Canadian HR Reporter

August 7, 2017

Canadian HR Reporter is the national journal of human resource management. It features the latest workplace news, HR best practices, employment law commentary and tools and tips for employers to get the most out of their workforce.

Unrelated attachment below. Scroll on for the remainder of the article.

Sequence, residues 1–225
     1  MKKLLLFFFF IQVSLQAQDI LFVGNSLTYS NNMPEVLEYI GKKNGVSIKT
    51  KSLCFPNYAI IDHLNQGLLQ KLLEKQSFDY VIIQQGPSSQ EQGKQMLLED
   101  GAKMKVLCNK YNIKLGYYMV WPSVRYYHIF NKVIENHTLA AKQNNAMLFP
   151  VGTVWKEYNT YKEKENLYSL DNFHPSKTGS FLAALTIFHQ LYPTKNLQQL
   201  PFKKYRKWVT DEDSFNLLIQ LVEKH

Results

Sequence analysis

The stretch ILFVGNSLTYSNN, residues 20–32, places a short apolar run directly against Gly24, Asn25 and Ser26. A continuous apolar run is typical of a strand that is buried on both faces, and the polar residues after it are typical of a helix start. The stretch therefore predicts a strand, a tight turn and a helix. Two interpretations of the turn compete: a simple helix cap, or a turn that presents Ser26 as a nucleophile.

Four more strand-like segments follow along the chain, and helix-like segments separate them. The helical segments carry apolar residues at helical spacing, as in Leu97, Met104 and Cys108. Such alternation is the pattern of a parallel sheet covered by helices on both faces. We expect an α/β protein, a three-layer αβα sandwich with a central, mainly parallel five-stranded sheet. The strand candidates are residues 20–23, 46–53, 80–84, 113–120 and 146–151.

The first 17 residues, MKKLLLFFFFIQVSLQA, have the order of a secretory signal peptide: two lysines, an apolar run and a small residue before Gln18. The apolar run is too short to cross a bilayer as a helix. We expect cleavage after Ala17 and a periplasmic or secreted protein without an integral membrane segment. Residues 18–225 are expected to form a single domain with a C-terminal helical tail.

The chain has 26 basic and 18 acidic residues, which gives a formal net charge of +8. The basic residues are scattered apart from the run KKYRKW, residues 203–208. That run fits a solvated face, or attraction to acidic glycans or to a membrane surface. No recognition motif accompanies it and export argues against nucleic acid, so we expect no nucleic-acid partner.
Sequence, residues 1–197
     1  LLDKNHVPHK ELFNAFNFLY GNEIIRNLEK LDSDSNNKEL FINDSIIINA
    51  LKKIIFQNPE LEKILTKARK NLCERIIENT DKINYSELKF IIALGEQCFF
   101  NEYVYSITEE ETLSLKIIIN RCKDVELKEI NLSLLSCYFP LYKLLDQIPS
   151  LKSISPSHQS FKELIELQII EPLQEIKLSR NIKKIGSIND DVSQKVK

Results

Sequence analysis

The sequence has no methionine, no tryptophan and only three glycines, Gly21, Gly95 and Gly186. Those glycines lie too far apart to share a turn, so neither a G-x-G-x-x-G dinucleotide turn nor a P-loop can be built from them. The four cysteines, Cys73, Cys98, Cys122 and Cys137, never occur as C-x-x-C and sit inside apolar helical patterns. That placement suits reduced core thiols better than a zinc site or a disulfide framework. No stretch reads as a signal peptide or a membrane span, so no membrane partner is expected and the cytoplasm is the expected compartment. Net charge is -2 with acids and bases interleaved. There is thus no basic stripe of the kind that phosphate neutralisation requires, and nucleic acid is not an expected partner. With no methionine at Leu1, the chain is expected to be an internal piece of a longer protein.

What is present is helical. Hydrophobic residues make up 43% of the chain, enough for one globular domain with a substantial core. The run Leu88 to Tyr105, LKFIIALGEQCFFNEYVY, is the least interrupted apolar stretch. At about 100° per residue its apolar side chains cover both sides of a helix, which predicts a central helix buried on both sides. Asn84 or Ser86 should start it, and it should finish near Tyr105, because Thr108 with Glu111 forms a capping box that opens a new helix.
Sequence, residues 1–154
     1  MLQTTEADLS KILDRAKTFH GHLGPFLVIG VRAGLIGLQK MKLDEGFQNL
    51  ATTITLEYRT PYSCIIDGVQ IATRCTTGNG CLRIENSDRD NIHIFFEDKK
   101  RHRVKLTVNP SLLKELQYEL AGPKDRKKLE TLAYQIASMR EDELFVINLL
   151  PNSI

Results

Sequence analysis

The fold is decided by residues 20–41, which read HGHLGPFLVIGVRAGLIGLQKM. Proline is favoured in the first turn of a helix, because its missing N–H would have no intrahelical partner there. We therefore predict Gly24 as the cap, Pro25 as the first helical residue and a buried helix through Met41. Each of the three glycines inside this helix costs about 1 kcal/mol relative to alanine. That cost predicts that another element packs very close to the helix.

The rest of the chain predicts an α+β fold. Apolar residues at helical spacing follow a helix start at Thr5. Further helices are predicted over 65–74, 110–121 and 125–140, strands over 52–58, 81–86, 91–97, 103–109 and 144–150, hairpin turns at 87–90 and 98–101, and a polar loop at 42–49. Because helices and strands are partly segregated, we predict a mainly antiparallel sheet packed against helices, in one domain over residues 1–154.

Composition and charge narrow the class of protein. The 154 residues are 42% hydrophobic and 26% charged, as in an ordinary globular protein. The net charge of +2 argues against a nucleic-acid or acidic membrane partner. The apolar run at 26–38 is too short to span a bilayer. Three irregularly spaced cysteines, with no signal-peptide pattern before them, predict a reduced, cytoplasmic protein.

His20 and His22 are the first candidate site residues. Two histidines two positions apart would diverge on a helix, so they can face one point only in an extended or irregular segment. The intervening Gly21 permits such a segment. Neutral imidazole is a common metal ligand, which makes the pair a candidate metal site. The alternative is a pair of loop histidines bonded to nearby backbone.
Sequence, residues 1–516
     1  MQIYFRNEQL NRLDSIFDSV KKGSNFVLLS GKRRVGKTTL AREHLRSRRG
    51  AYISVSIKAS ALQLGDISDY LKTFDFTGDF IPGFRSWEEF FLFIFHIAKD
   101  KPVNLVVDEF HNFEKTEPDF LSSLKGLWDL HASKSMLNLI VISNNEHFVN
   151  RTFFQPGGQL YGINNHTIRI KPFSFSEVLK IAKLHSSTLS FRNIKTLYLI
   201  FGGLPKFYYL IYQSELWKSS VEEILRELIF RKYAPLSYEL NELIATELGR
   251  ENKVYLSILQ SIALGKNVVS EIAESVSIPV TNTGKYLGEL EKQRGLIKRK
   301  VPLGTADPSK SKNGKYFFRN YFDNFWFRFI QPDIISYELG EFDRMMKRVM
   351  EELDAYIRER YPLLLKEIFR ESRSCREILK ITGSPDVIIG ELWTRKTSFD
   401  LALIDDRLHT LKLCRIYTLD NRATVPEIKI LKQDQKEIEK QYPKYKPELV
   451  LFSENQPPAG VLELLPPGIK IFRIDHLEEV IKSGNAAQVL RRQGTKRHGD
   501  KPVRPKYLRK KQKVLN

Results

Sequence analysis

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CANADIAN HR REPORTER August 7, 2017 2 NEWS Recent stories posted on Check the website daily for quick news hits from across Canada and around the world. WEB O N T H E ACROSS CANADA Strong support in Ontario for several proposed workplace reforms: Poll But many say employers will have to cut back benefi ts, hours to comply with wage increase Employees waste nearly 1 day per week on non-work activities Millennials racking up 58 minutes per day on mobile devices: Survey Alberta employers continuing to expand workforces for remainder of 2017: Survey Manufacturing sector shows highest concern for fi nding skilled workers Public consultations intensify as NAFTA renegotiations loom Government consulting with management, labour in auto, aerospace, food processing sectors Retention bonuses of $9.2 million for key Sears Canada execs spark outcry ' is is not the Canadian way': Laid-off employee Motivating private sector to hire military veterans still a struggle Quality of jobs, salaries lower than rest of population: Report Canada's spy agency faces $35-million harassment, discrimination lawsuit Allegations based on experiences of fi ve employees AROUND THE WORLD Most Japanese companies keen to raise retirement age: Poll ree-quarters see move as way to ease labour crunch Not so fast: U.S. restaurant workers seek ban on surprise scheduling Latest battleground in fi ght to boost living standards for low-paid workers Goldman Sachs relaxes dress code for techs in fi ght for talent Bank pushing casual environment as competition intensifi es Eyeing sleepy offi ce workers, China's 'sharing economy' opens nap capsules Employees able to book rest time during mid-day rush Zombie nation Spearhead Executive Coaching CEO Katherine Craig discusses remedies for "workplace zombies" — tired, unmotivated employees FEATURED VIDEO Expensive housing options make recruitment a challenge Employers provide incentives to woo workers in Vancouver, Toronto BY JOHN DUJAY CHRIS DUNNE, a business de- velopment manager at Elemental, a Toronto marketing agency, is having no luck upgrading from his one-bedroom condo. "To get a detached in the city, the price range is so high right now that you're either going to have to buy something that's a fi xer-upper and put half-a-million bucks into it, and you are going to end up paying a million-plus to get a small, two-bedroom duplex in an outskirt neighbourhood," he said. "Finding a suitable space, with a small bit of green space to call our own is becoming tough. If push came to shove over the next few years, and we couldn't fi nd (any- thing) — particularly when we do have kids — we would probably relocate somewhere else outside of Toronto just because it's so un- aff ordable right now." Dunne's situation is not unusu- al, as young professionals in the Greater Toronto Area (GTA) are looking for more options beyond the one-bedroom condo, accord- ing to a survey released by the To- ronto Region Board of Trade and Environics Research Group. One-third of young profes- sionals said they are likely to buy a home while 50 per cent want to buy in the City of Toronto and 69 per cent want to buy units with three or more bedrooms, found two surveys of a total of 1,398 people ages 18 to 40. And while 17 per cent said they'd be OK with a townhouse, and 13 per cent would accept a semi-detached house, consider- ably more (51 per cent) are keen to live in a detached home. But skyrocketing house prices in cities such as Toronto and Van- couver are making such dreams a challenge — and that could have an impact on employers looking for talented workers. "Toronto's housing aff ordability crisis stands to signifi cantly im- pact our ability to attract and re- tain top talent — in all industries and sectors," said Jan De Silva, president and CEO of the Toronto Region Board of Trade. Vancouver's experience In Vancouver, the issue is not only aff ordability from a home purchase point-of-view, but also from a rental point-of-view, ac- cording to Anthony Ariganello, president and CEO of Chartered Professionals in Human Re- sources (CPHR) BC & Yukon in Vancouver. "It's very diffi cult to live in the city," he said. " ere's not a lot of availability." For a 500-square-foot apart- ment, for example, renters are paying $2,000 per month and higher in newer buildings com- pleted in the past fi ve years, he said. And the job market is being af- fected by the high cost of living. "(Recruiters) say they have a tough time attracting talent from the east to come here," said Ariganello. "It was bad 10 years ago; it's worse today because of aff ordability." e British Columbia govern- ment introduced a 15 per cent tax on foreigners buying property in August 2016 (with Toronto taking a similar step in 2017), and "that curbed it a little bit, but it seems to be picking up again," he said. Recruiters and employers have not been off ering any salary in- centives for people to move out west, said Ariganello. "Our salaries are really not competitive to meet the demands of the high cost of living: In Van- couver, the salaries are not really higher for comparable jobs in On- tario or Quebec, or even Alberta, for that matter." But a lot of employers are now looking at providing loans or even housing allowances to help employees meet those budgetary constraints, along with working- from-home options, he said. Housing, transit incentives In Toronto, some companies are taking matters into their own hands by off ering incentives to potential hires in order to off set the high cost of living. In some cases, they will pay for the commuter train or pub- lic transit as a perk, according to Dianne Hunnam-Jones, district president for Eastern Canada at Robert Half in Toronto. "People looking for a job don't only look at the true money they are making; they are looking at the overall package," she said. " ey might even be prepared to take less salary if their transportation is covered." Other employers are taking more drastic steps, including of- fi ce movement, to attract talent who might be wary of the high cost of downtown real estate in certain cities. "We've seen some clients move their offi ces to the outskirts of the GTA in order for lower-salaried people to be able to drive and get to the offi ce, or take a shorter commute, which is less busy and cheaper," said Louisa Benedicto, regional director at Hays in To- ronto, provider of recruitment and HR services. And some recruiters are seeing young professionals adjust their expectations. " ere is a shift in mindset from younger generations thinking, 'Oh, when I graduate I'll go buy a nice house with three bedrooms and a backyard' to 'When I gradu- ate, I'll buy a condo,'" she said. Many young professionals are choosing to work for employers that offer telecommuting op- tions as part of the benefi ts, said Hunnam-Jones. "We are starting to hear a little more of 'I don't like that long commute time, I prefer to work closer to home,'" she said. "It's not a case of people saying, 'I want to relocate out to the city' or 'I am looking to relocate in another city because I can't aff ord a house in Toronto,' but we are hearing 'I want to work closer to home.'" And even though the Toron- to and Vancouver markets are seemingly out of control, they are not as bad as other world cit- ies, according to Benedicto, who grew up in London and worked in Tokyo for years. "If you look at somewhere like London or Tokyo, young people cannot buy, full stop," she said. In Canada, young people are able to get on the housing ladder if their expectations are realis- tic about what is available, said Benedicto. "It's going to be a condo, but it will be downtown." Ottawa sees benefi ts In contrast to Vancouver and Toronto, Ottawa is benefi ting from lower house prices compared to other cities. "For many years, if I spoke to a candidate who lived (elsewhere) and asked whether they'd be interested in relocating to Ottawa, the answer was almost always no, but now more candidates are much more open to it," said Jenna Sudds, president and executive director of the Kanata North Business Association, just southwest of Ottawa. "As long as the real estate market in Toronto continues as it is, or continues to escalate, we will certainly see people look at Ottawa as another option in their career and in their lives." The Kanata tech park includes about 23,000 employees working for more than 500 companies, according to Sudds, and the interest is growing for potential employees. "We certainly have seen an increase. We're starting to see that trend," she said. A house in Ottawa could be bought for around $400,000, said Sudds, and the commute to work is minimal. "You could live fi ve minutes from the (technology) park here. Obviously, your commute is next to nothing." Companies are "aggressively recruiting," she said, and the city is targeting other cities with a digital campaign to attract workers. "We are very much in growth mode right now, so in this park, if the people were to materialize... we could fi ll 4,000 positions." "People looking for a job don't only look at the true money they are making; they are looking at the overall package. ey might even be prepared to take less salary." Compensation Surveys Incentive Programs Job Descriptions Job Evaluation Pay Equity Performance Appraisal Salary Administration Sales Compensation (416) 498-7800 COMPENSATION CONSULTING LeNoury Law Proactive Advice to Management Employment Lawyer of The Year James LeNoury B.A. (Hons) M.A. LL.B 416-926-1107 • Toll Free 1-877-926-1107 •